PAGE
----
Why…


When we have something traumatic rock our the world as we knew it, we always ask “why?” God must have had a good reason to allow this happen to His beloved child. (Take it from an expert,) our Heavenly Father does inexplicably know us down to every molecule. He is not punishing us with our hardships. There is consistently a lesson to be learned, a blessing to find, a soul to be changed. It is exactly like the refinery’s fire. I feel I was given this trial to help me and others grow in compassion and appreciation. I reckon back to that song. “Each Life That Touches Ours For Good.” (Google it.) The thought that this happened to me to benefit other people (aside from what I’ve learned) helps me accept it more easily. I have witnessed the changes in my family already!

The other day I watched the movie “Stronger,” the story of the man who lost both of his legs in the Boston Marathon bombings. (Coincidently it was on the anniversary of the actual bombing, not planned, just happened!) I wanted to see it, because it was a movie about a guy in a wheelchair. I was personally interested. But I got much more from it than I expected!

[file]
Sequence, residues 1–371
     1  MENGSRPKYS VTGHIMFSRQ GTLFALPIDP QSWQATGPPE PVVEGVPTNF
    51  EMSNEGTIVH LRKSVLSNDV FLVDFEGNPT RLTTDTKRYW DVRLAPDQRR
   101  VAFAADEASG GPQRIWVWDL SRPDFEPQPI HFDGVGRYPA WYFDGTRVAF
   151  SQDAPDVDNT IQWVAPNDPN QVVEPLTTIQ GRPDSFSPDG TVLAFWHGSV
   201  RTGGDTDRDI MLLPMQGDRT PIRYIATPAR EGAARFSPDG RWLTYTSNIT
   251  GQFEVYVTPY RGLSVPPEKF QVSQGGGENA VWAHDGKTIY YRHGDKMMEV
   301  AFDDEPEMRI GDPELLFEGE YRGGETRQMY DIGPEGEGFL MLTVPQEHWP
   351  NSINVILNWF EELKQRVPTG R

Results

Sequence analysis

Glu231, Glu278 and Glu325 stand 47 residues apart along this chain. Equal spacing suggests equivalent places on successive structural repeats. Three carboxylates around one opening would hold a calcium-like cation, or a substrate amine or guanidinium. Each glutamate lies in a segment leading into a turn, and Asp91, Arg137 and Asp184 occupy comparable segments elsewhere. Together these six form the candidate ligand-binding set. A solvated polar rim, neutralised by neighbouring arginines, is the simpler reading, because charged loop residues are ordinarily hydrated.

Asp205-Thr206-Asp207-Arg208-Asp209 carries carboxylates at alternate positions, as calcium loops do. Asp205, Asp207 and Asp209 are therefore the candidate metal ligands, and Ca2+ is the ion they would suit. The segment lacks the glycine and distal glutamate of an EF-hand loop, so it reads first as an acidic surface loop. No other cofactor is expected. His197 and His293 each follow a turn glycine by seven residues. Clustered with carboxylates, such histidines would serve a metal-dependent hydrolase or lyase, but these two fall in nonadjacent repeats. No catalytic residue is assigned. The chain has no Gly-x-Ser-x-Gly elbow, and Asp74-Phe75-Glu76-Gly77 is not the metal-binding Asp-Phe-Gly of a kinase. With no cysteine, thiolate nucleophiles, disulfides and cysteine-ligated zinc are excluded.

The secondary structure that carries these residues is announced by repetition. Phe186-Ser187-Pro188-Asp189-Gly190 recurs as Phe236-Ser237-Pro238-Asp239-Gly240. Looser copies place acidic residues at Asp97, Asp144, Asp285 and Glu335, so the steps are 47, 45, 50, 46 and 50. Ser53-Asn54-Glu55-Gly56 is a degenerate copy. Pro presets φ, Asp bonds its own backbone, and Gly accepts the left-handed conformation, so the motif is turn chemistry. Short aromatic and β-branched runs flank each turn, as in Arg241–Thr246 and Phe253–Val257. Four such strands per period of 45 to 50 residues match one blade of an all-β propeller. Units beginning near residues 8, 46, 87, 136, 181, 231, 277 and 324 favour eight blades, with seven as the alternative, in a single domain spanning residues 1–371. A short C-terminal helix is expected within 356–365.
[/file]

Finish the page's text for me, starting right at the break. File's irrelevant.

The movie portrayed his daily struggles, and his yearning to accept it. (I can totally relate!) Many people attempted to make him the personified symbol for the “Boston Strong” mentality. He fought it. He did not want to be the bombing mascot. Until he met the man who helped him to the hospital right after the life-altering incident. This man expressed his desire to help since was unable help his soldier brother when he died on the battlefield. He also expressed the need to witness this man succeed, and his continued inspiration through his positive die-hard attitude. This encounter changed his mission in life, and he embraced the thought of being a motivation to others. (Kapow! Uh, was this movie trying to talk to me?) I need to “forget myself and get to work.”